Each day a dolphin will eat as much as 5% of its body weight in food. This may amount to as much as 14.5kg (32lbs) of food.

In areas where dolphins live alongside humans they may follow fisherman's boats to catch prey or bait which is discarded.

common bottlenose dolphin

Scientific Name

Tursiops truncatus

Conservation Status

Least Concern

Weight

650kg (1433lbs)

Length

Male

3.8m (12.5ft)

Female

3.7m (12.1ft)

Lifespan

40-60 years

Diet

Carnivorous

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Range

Common bottlenose dolphins can be found across much of the world's tropical and temperate oceans. They can be found offshore out to the continental shelf. Some will venture in to bays, lagoons and larger rivers.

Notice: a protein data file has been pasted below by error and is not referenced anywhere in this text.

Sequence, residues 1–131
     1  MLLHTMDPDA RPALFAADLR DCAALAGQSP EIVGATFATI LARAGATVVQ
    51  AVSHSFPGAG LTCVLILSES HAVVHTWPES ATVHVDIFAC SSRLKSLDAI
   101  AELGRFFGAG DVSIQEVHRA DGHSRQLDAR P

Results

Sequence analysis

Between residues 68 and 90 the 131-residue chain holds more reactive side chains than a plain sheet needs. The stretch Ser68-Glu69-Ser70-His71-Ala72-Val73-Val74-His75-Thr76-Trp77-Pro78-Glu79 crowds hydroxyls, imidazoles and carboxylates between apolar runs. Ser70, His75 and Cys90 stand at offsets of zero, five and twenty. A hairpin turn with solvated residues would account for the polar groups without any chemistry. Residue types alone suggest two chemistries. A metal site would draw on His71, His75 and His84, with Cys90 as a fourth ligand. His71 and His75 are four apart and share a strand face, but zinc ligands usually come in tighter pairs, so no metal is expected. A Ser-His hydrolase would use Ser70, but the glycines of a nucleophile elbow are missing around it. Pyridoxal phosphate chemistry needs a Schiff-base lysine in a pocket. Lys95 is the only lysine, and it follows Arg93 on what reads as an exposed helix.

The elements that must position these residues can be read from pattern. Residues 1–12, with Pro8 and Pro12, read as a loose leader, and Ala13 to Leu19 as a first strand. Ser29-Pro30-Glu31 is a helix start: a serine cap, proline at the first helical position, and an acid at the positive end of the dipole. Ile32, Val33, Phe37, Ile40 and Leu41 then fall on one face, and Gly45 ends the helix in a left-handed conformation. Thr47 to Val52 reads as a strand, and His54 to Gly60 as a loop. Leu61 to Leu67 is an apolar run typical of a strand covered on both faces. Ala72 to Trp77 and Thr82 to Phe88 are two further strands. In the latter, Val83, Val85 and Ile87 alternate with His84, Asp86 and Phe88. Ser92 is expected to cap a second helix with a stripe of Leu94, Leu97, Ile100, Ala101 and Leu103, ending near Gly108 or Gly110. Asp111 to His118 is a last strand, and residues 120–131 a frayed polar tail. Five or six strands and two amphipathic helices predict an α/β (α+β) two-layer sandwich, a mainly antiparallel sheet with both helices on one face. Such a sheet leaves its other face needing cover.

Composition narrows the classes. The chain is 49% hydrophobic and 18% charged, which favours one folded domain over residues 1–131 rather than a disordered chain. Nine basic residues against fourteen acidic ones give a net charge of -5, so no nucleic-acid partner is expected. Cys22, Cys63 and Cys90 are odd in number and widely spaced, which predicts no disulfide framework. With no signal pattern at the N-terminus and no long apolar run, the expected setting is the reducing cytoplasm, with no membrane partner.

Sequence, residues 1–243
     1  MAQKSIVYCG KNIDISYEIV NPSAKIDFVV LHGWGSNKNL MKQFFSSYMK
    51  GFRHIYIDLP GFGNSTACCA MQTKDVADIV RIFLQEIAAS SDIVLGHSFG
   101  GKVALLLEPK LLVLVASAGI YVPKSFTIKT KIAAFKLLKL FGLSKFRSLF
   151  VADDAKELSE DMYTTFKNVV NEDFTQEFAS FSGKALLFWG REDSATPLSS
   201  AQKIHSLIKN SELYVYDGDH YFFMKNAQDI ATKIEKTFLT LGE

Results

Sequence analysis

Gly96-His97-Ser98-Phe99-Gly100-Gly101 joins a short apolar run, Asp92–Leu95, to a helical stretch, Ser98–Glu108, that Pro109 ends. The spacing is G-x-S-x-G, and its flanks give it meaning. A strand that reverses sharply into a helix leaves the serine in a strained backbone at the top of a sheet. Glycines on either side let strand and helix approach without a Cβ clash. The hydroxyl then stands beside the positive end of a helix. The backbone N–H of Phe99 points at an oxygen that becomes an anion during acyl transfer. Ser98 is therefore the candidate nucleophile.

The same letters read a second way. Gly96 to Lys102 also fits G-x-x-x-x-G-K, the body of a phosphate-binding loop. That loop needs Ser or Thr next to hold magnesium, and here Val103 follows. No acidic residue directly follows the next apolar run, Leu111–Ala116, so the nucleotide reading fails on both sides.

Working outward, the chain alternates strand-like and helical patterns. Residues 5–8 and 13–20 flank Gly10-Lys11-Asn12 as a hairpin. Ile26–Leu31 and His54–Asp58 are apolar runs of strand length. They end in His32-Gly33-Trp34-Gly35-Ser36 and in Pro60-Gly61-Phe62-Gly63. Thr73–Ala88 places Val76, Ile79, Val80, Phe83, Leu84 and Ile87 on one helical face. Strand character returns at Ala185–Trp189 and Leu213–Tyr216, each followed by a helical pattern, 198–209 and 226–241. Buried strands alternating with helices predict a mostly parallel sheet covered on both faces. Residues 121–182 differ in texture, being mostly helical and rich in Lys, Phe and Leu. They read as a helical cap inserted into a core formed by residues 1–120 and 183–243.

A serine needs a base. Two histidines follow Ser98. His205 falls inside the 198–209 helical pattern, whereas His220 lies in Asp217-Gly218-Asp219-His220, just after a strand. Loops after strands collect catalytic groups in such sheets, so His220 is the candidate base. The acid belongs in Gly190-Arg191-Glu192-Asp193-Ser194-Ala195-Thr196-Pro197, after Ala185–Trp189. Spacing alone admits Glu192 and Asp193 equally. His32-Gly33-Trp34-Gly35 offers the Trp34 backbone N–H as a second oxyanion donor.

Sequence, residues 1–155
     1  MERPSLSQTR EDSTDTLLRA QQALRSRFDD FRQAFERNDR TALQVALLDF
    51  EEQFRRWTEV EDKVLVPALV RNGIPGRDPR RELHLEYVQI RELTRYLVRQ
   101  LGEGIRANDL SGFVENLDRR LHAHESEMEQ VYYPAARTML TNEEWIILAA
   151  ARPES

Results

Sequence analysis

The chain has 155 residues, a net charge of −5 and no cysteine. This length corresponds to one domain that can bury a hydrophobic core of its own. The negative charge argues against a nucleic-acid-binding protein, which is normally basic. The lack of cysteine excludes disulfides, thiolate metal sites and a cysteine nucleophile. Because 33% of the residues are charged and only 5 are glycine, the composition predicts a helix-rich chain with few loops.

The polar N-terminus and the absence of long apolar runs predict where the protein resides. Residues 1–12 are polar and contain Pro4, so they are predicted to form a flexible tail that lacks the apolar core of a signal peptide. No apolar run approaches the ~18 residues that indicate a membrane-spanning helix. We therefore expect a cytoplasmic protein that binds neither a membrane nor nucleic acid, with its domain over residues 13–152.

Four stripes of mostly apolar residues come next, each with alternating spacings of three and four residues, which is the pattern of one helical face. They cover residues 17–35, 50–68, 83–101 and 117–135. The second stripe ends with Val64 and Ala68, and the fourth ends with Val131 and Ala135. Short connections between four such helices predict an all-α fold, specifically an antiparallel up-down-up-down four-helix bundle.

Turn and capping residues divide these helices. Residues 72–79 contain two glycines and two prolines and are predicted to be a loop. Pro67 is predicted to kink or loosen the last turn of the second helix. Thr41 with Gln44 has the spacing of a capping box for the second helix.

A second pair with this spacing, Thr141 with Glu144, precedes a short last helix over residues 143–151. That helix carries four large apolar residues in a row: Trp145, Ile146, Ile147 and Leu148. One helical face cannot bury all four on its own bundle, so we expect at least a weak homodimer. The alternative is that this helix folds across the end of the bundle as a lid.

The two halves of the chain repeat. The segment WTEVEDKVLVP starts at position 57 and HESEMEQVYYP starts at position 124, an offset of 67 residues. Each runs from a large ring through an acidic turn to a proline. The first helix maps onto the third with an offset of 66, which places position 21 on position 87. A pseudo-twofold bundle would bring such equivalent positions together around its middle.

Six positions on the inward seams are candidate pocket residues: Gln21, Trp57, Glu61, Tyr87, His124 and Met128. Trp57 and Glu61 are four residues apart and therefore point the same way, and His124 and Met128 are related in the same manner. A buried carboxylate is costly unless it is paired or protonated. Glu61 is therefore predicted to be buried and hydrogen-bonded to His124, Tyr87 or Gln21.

Habitat

These adaptable animals can inhabit a range of habitat such as coastal and pelagic waters along with coastal environments such as estuaries, lagoons and wetlands.

Most populations are resident in one area but some, such as those on the Atlantic coast, will migrate seasonally.

common bottlenose dolphin

Reproduction

Bottlenose dolphins will mate with multiple partners each breeding season. After mating the male may follow the female to prevent other males from mating with her.

Males will court a female by arching his back, stroking and nuzzling the female and clawing his jaws or yelping.

A single calf is born after a 12 month gestation period. Calves are nursed from nipples on either side of the genital slit. Weaning occurs between 18 and 20 months old.

After weaning they will spend four years with their mother.